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This Tech-Driven Bank Stock Is Still Dirt Cheap

Since the pandemic began, Customers Bancorp (NYSE: CUBI), a roughly $20 billion asset bank based in Pennsylvania, has seen its stock price more than triple, only to see it then fall back significantly this year along with many other bank and tech stocks. That whole time, the bank has not only performed well, but it has also been rolling out a wide range of new banking products and services that should continue to fuel growth moving forward.

The fact that the market is missing this performance, growth, and expansion leads me to believe Customers Bancorp stock is undervalued. Here's why.

Customers Bancorp has a growing product set

Customers has some of the most diverse product offerings I've seen for a bank of its size. The bulk of the bank's business is in the commercial space, where it does all sorts of lending, from commercial real estate to multi-family to loans made in partnership with the U.S. Small Business Administration to specialty banking.

Image source: Getty Images.

Specialty banking has been driving a lot of Customers' loan growth lately, particularly through loans to private equity, venture capital, and other kinds of lenders. Specialty commercial loans grew by $1.6 billion in the second quarter of the year.

Customers continue to work on rolling out other digital lending products for small- to medium-sized businesses, such as revolving term loans, equipment finance loans, and commercial credit cards.

The bank is also ramping up its Customers Bank Instant Token (CBIT), a blockchain-based instant payments platform that enables multiple parties on the platform to send funds to one another. The platform is particularly helpful with crypto trading because cryptocurrencies trade in real-time. Customers is currently ramping up CBIT, which now has 190 customers on it, who have brought more than $2 billion of low- or zero-cost sticky deposits with them to the bank.

The bank also wants to take its real-time payments capabilities further and build a cloud-based treasury product suite for commercial businesses that are powered by application programming interfaces. The suite would offer digital account onboarding, real-time reporting, account payment, analysis, and payments including an automated clearing house, wire payments, foreign exchange, and CBIT. This could be another way for the bank to drive deposits.

Customers Bancorp is continuing to execute

It's hard to say that Customers isn't already executing. In the second quarter of the year, the bank generated a return on average common equity of more than 18%, which is really strong. Customers also had an efficiency ratio, which looks at a bank's expenses expressed as a percentage of revenue (lower is better), of 42%, which is superb.

But in this kind of market, it looks like investors would like to see the bank continue to improve its deposit base. They are also watching credit quality.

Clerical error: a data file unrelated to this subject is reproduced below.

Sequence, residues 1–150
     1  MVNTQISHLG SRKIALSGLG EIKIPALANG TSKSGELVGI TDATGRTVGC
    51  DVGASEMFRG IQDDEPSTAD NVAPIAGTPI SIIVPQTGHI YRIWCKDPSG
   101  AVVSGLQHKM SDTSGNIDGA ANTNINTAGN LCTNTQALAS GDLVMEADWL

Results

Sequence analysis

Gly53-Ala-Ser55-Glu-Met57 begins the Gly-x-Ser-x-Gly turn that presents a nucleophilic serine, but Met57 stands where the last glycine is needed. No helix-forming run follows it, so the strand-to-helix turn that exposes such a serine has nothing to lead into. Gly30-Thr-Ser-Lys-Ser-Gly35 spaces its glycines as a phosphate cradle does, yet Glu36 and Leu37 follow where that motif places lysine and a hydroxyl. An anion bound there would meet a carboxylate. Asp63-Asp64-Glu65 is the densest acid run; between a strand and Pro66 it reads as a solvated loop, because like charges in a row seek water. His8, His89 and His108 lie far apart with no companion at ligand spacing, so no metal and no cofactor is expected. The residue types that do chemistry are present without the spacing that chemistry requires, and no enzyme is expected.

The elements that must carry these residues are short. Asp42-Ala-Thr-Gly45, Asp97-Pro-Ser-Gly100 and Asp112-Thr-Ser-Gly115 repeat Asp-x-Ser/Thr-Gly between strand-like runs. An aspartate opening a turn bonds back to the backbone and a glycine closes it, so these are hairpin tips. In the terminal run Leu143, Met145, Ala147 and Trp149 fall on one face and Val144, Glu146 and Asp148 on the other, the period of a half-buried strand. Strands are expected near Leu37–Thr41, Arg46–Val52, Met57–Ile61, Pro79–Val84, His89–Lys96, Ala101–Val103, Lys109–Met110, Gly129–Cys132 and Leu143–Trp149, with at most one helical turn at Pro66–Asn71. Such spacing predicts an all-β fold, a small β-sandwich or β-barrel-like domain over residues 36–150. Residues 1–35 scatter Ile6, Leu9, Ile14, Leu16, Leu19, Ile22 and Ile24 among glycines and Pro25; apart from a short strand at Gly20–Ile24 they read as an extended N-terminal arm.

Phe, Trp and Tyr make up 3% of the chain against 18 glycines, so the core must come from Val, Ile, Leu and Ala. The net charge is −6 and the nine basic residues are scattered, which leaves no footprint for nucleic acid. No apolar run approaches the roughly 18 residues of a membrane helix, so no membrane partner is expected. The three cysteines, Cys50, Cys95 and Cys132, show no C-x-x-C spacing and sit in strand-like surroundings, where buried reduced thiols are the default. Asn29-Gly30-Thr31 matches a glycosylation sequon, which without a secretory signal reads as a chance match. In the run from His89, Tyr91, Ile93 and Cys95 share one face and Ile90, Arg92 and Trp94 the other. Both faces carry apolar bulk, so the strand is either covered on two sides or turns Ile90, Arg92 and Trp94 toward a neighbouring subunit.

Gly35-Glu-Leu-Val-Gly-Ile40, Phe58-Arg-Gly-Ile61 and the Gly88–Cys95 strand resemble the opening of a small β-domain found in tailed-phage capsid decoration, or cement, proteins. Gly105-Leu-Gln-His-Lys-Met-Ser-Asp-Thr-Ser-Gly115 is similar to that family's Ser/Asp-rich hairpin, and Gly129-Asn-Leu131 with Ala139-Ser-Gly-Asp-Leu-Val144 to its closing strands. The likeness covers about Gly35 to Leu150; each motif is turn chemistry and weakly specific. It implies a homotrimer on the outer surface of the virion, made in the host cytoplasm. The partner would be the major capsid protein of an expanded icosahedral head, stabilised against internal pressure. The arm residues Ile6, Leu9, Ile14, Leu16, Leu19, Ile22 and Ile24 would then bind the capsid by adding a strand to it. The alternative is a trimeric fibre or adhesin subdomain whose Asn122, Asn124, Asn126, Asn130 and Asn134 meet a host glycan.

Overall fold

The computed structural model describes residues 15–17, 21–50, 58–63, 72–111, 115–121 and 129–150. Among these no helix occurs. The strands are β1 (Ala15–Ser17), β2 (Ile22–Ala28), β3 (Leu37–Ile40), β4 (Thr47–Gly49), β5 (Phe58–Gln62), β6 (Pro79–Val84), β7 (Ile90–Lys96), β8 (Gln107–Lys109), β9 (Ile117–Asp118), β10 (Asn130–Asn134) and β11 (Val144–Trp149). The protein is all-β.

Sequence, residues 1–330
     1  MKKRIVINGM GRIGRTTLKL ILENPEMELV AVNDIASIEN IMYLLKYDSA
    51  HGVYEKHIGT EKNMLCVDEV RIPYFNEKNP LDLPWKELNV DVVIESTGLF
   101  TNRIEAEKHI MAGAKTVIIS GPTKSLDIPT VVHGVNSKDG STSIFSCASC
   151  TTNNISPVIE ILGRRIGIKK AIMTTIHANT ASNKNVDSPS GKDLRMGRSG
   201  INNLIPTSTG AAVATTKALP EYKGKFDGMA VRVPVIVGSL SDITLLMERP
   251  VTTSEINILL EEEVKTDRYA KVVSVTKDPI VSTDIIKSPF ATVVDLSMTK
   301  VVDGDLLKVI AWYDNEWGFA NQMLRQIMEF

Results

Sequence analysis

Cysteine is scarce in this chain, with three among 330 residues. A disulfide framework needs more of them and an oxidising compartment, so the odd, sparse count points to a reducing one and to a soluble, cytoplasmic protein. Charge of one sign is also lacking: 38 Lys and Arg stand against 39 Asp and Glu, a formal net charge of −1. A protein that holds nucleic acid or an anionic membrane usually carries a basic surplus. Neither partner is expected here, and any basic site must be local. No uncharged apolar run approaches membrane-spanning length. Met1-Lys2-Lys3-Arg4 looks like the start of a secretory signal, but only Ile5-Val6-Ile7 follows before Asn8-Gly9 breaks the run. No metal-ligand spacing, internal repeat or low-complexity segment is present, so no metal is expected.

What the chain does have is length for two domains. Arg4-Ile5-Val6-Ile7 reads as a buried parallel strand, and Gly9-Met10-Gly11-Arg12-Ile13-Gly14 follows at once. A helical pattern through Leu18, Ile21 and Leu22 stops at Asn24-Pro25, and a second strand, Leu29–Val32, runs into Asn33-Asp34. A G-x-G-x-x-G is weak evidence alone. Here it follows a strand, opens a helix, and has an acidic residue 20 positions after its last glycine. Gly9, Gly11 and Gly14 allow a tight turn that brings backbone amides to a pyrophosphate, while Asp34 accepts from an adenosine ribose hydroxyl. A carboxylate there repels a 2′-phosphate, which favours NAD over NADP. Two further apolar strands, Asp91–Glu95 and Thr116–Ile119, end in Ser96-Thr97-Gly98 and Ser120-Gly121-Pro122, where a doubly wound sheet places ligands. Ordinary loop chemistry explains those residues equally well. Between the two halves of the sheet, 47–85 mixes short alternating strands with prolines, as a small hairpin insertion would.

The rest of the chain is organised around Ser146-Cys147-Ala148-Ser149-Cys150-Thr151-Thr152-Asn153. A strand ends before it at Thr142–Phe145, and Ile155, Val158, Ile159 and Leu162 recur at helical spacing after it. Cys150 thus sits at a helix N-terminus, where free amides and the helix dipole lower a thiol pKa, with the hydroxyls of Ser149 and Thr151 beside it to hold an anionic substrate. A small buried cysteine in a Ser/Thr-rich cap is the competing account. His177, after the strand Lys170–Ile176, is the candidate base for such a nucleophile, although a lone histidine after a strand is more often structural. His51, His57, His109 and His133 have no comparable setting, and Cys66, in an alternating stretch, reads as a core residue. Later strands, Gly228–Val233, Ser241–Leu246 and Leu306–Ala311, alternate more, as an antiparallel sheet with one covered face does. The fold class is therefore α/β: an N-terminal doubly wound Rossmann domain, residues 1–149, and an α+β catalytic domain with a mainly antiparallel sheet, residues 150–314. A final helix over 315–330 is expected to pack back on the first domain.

Customers has done a good job of growing non-interest-bearing deposits, which the bank pays no interest on, by 73% from one year ago. However, the bank could still do a better job of improving its interest-bearing deposit base and also still has some higher-cost borrowing on the balance sheet.

I expect CBIT will enable Customers to ramp up higher-quality deposits, but with the current crypto winter, they may not come in as fast this year as initially expected. Still, the fact Customers saw any growth in CBIT deposits amid the difficult conditions in the second quarter is good news. I also think the bank can improve deposits as they bring on more small businesses and as they roll out this new digital treasury solutions suite, which could also take some time.

Investors are also likely still monitoring credit quality, considering all of the new loan verticals at the bank. Credit still looks extremely healthy, with non-performing assets down from the first quarter of the year. Net charge-offs, or debt unlikely to be collected, grew in the quarter due to what looks to be an isolated incident and higher charge-offs in Customers' consumer loan portfolio. The bank does have a $1.9 billion portfolio of installment loans, which investors may be worried about, but these loans were largely made to prime and super-prime borrowers.

Cheap valuation by all metrics

Customers is doing a lot of new things right now, and while performance is quite strong, investors probably want to make sure that it is not a fluke and that management will execute on all of these initiatives. It's also a very difficult market, and Customers seems to have been swept in with other tech and crypto stocks that have pulled back heavily this year.

But by all metrics, the bank's stock looks cheap. Management still expects to generate $4.75 to $5 of core earnings this year, which means the stock trades at less than eight times projected 2022 earnings. Management also expects to grow tangible book value, or its net worth, to $40 per share by the end of the year, which means the bank is currently trading below what management expects to be its tangible book value in less than six months.

Customers still has a lot of work to do and a lot to prove, but the bank has generated strong results in recent quarters, and its new products look to be off to a good start. I like the stock at this valuation.

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Bram Berkowitz has positions in Customers Bancorp. The Motley Fool has no position in any of the stocks mentioned. The Motley Fool has a disclosure policy.


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